Maktesh Ramon, the huge crater that we hiked through, from the site where we stopped to have lunch and Mincha (afternoon) services.

The drummers who surprised us at our lunchspot. This is SO Israeli; you never know what you'll see or who you'll find in any given place. Nancy, the dean of students who accompanied us on the trip, assured us that she knew nothing about the drummers being at the site.

One of the most interesting things about hiking in Israel, in my opinion, is how they rate the difficulty of the hike. An "easy" or "family" hike in Israel is probably the equivalent to a "moderate" or "hard" hike in America (granted I never hike in America, so it's possible that I pulled that out of nowhere.) Basically, I've learned never to believe anyone who says a hike is easy, because it never is. The crater that we hiked across had cliffs, lots of rocks, uneven ground, lots of climbing, etc. It was not a fun experience, and as always, I finished the hike sweaty, grunting, swearing, and questioning (out loud, to myself and whoever else could hear me,) "People hike for fun? What the hell are they thinking???" But, as Nancy kept telling me, the sites were pretty and hiking is really the only way to truly experience life in the desert. Whatever.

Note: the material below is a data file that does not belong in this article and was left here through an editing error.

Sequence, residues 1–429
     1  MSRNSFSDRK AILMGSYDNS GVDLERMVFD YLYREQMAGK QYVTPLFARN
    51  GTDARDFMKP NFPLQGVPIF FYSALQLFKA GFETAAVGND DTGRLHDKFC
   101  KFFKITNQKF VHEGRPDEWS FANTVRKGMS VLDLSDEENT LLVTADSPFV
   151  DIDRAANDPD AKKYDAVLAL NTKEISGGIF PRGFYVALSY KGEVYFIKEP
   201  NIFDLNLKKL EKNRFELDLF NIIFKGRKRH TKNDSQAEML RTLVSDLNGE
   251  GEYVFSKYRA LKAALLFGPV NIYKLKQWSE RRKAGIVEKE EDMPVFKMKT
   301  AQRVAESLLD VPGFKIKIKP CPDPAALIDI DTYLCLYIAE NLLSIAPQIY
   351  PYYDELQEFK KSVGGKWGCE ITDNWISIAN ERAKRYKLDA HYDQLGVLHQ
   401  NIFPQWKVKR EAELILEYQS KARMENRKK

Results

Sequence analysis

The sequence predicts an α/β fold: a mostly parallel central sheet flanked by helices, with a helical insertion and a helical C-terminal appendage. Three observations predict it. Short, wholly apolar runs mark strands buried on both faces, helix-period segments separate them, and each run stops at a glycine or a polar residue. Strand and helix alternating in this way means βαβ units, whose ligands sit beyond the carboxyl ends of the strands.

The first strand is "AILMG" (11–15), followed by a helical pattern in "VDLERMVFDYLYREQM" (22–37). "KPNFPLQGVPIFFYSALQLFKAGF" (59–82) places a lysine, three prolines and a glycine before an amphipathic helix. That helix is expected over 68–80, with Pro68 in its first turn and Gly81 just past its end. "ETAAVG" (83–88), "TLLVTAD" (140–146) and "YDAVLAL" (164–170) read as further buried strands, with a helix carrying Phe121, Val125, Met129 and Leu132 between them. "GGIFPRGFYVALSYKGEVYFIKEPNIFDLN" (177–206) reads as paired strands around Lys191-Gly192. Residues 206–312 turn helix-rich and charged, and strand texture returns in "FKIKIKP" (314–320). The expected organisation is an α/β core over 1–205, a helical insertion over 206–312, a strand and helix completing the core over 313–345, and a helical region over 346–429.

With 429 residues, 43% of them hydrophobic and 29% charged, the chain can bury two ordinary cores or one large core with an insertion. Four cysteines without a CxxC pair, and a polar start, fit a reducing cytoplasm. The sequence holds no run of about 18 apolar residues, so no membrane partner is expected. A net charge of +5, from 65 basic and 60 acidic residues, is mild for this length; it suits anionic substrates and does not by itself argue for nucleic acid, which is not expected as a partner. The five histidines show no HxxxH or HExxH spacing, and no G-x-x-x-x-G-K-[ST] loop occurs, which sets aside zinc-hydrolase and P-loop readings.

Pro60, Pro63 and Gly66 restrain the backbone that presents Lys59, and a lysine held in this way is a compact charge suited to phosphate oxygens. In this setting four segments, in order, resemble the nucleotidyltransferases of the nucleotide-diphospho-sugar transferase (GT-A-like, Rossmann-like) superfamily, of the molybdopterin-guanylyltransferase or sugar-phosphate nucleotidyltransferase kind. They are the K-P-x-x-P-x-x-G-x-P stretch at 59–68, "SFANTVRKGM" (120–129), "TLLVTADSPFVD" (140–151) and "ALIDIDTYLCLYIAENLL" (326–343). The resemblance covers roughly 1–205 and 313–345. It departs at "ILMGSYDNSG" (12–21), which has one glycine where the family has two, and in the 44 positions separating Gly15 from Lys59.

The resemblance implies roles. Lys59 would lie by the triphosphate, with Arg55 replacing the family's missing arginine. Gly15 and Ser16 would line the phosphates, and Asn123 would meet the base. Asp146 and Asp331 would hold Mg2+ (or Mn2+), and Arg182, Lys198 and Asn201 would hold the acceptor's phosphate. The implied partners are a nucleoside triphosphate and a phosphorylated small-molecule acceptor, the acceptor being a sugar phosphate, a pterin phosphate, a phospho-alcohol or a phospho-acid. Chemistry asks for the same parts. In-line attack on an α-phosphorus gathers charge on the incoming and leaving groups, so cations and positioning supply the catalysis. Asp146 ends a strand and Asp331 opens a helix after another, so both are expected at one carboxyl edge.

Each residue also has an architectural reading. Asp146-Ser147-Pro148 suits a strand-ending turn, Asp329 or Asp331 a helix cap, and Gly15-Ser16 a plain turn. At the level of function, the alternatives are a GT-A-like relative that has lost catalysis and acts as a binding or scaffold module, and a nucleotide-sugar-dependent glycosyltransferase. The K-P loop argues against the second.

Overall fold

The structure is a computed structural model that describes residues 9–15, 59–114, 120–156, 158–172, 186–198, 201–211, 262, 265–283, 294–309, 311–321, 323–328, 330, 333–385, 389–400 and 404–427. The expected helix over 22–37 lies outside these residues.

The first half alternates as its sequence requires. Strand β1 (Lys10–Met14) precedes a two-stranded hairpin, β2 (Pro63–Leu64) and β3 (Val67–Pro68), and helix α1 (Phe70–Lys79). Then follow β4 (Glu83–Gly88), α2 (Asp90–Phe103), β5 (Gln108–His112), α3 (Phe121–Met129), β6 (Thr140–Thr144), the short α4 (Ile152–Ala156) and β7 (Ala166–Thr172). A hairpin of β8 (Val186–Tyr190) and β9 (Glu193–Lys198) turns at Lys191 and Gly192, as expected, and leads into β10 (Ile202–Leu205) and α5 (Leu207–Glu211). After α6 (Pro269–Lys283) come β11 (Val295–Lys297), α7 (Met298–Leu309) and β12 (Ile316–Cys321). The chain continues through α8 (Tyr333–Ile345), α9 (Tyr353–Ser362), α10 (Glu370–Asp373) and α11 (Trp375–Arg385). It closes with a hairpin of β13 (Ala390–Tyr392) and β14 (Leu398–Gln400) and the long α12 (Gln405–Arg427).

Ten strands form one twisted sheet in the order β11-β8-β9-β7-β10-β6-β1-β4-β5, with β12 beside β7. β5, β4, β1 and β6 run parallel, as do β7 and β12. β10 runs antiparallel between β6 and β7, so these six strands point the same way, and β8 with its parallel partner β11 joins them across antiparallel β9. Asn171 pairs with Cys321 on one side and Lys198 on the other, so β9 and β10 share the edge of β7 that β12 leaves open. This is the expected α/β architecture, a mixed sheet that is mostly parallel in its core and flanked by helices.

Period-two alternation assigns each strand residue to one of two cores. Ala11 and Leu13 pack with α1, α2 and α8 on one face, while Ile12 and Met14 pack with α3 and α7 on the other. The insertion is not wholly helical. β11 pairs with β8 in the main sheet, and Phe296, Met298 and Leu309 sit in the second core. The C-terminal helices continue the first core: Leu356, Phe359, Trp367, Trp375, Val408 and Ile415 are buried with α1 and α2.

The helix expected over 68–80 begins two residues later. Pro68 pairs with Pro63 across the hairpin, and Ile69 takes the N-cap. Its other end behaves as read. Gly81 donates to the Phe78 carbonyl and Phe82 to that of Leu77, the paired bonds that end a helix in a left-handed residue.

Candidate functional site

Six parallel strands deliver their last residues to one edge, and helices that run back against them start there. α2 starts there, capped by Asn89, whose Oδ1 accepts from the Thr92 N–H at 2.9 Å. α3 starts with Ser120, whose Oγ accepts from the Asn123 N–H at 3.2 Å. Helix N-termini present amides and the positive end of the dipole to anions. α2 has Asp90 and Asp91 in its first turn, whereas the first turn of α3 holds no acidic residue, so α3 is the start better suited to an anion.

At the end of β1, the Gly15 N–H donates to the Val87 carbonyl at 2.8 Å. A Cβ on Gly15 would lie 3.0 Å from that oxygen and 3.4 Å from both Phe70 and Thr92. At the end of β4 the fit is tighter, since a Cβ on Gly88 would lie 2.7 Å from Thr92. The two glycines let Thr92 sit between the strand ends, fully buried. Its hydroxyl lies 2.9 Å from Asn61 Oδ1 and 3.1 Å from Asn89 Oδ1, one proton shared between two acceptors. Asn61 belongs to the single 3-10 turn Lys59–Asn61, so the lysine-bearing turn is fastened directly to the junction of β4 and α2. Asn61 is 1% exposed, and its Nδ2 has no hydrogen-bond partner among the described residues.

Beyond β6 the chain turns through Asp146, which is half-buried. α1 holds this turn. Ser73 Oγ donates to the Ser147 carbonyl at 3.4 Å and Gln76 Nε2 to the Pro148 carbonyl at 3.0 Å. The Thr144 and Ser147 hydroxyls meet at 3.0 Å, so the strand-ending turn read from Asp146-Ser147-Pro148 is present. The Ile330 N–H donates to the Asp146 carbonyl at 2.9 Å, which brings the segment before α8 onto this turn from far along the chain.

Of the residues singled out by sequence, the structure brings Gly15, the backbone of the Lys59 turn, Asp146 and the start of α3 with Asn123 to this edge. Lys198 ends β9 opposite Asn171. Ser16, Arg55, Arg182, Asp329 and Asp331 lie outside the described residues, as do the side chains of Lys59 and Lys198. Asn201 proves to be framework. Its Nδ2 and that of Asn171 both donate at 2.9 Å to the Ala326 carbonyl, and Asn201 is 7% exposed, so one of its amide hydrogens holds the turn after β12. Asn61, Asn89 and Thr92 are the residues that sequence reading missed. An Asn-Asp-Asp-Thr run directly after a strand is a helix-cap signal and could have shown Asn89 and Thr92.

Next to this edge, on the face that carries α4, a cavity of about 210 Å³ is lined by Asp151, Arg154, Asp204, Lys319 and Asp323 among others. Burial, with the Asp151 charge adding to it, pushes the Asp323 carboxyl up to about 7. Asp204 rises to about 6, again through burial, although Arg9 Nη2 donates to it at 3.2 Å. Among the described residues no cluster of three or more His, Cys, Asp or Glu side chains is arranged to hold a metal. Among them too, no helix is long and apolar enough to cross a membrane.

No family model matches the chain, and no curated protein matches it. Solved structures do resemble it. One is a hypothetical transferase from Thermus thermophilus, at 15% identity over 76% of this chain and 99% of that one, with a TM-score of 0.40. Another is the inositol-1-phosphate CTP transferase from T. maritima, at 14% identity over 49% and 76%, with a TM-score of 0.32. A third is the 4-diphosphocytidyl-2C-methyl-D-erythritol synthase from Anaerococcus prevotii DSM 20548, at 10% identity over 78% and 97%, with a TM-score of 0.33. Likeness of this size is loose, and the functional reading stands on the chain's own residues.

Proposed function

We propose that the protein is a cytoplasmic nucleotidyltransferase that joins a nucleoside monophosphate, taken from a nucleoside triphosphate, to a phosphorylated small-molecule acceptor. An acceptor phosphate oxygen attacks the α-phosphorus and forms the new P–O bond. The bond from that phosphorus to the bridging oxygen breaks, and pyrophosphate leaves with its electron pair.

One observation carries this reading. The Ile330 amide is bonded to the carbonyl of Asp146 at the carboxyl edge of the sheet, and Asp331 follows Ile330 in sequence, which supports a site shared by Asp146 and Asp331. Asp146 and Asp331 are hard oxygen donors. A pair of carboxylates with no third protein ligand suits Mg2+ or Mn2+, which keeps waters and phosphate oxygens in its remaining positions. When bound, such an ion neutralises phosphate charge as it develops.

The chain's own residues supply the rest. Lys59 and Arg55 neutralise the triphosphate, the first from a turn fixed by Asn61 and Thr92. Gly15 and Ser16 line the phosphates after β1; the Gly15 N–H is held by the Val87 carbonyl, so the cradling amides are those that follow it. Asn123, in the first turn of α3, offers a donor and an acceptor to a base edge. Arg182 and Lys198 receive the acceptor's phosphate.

One of the prettiest sites on our hike; a mountain made of layers of sandstone and limestone.

After our hike, some water and some snackage, we drove to Kibbutz Yahel, the first Reform Kibbutz in Israel. Yahel is beautiful, very green (despite being in the desert) and open, with spacious guest cabins. I shared a cabin with friends Nicole, Elana, and Lea, and we had our own hammock (heaven!), cable TV with better channels than what we pay for in J'lem, and a shower with plenty of hot water. Kibbutz Yahel is also know for it's "Pomelos for Peace" program, where it shares it's pomelo (a citrus fruit that is similar to a grapefruit, with a thicker rind and sweeter taste) crop with it's Jordanian neighbors who border them. In it's own way, Yahel has been a part of the peace process with Jordan, which it is very proud to have done. Ron Goldstein, known as "The Pomelo Man" of Kibbutz Yahel, gave us a short talk about the program and demonstrated the correct way to cut and eat a pomelo. He also gave us samples and whole pomelos to take back to our rooms, which was clearly the best part of the demonstration. After settling in our rooms a bit and a group dinner, we retreated to the lounge area where we spent the rest of the night drinking wine and singing kareoke. It was a very fun way to wrap up a crazy long day.